Friday, April 17, 2015

20 Years Later SSH Brute Force Persist

For the past few weeks I have been looking at an old issue. You see in 1995 I started an Internet Service and as soon as I started bringing servers online I noted that there were random ssh login attempts to our systems. Back then it was easy to block IP addresses and be done with it but it's not that cut and dry today. With natting, apache name directives and web server naming conventions a single IP address can host thousands of individual websites and the chances of blocking a legitimate service is pretty high but guess what? We don't care.

We have taken the stance that if we see your boxes behaving badly and your not taking any action to resolve the situation then we will block you from our systems and all systems that we manage. A quick check our our system indicates that we have 57 million indicators of attack or compromise. When we filter with ssh as a keyword we noted that 255,096 host are currently on our blacklist for ssh brute force attempts and another 2.7 million are on the alert list for scanning. The 255,096 number may look small on the scale of things but the originating sources are very interesting in deed.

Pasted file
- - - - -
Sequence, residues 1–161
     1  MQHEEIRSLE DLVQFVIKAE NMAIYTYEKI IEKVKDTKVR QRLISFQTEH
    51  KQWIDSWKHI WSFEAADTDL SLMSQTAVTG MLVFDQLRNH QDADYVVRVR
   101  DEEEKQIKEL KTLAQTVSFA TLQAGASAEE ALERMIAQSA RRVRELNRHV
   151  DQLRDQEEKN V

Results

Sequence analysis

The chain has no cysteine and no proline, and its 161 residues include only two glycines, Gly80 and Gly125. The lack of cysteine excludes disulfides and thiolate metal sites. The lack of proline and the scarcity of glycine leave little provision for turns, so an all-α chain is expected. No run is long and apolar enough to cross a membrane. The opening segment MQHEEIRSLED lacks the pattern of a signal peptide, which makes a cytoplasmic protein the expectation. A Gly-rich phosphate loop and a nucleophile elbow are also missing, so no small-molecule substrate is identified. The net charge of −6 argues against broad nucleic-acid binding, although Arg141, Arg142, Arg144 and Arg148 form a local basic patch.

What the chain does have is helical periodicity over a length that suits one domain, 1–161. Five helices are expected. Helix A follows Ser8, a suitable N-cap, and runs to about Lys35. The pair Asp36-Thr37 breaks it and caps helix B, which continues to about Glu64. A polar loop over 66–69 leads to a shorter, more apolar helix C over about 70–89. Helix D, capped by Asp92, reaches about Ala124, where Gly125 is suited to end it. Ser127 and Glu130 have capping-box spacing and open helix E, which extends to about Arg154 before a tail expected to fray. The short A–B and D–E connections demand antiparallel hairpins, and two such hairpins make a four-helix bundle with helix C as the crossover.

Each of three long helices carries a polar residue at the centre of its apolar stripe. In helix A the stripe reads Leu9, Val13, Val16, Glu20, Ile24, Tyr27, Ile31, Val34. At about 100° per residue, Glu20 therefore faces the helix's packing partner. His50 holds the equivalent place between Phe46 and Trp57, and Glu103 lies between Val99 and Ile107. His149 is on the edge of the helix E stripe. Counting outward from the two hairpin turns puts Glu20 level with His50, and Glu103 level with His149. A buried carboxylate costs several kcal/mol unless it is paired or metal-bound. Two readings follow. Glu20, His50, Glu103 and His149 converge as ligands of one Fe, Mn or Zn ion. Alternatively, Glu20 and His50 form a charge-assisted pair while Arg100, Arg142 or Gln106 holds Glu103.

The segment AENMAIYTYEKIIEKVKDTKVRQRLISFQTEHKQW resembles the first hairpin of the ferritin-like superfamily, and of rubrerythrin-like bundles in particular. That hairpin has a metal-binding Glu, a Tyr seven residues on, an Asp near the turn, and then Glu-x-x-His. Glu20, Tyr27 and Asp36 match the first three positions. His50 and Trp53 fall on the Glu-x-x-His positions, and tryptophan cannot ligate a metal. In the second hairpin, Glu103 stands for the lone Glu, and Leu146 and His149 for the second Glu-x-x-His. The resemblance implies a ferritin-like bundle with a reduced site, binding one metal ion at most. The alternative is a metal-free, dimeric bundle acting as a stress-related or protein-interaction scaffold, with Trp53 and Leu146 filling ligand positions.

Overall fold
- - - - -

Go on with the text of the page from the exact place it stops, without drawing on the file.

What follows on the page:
The majority of the scanning activity being seen is coming from some predictable locations to include Asia/China, Russia and some locations in South America. In fact 79% of the attacks on our sensors are from the listed locations.

Our top 5 locations seen brute forcing ssh accounts this past week:

1. China
2. Russia
3. Amsterdam
4. Valenzuela
5. Turkey

What's interesting is that the attacks are noisy and easily detected yet many network administrators continue to allow traffic from these locations. In an upcoming post we will be sharing a list of country blocks that should eliminate around 95% of the ssh scanning activity you will see on your networks.

One things for sure, ssh scanning will be here for many, many years to come. A solution is to eliminate interactive logins and utilize certificate based login. This method allows you to collect information and be fairly certain that your systems won't be attacked in this manner. Adding 2 factor authentication pretty much ensures that nobody will get by your ssh defense.

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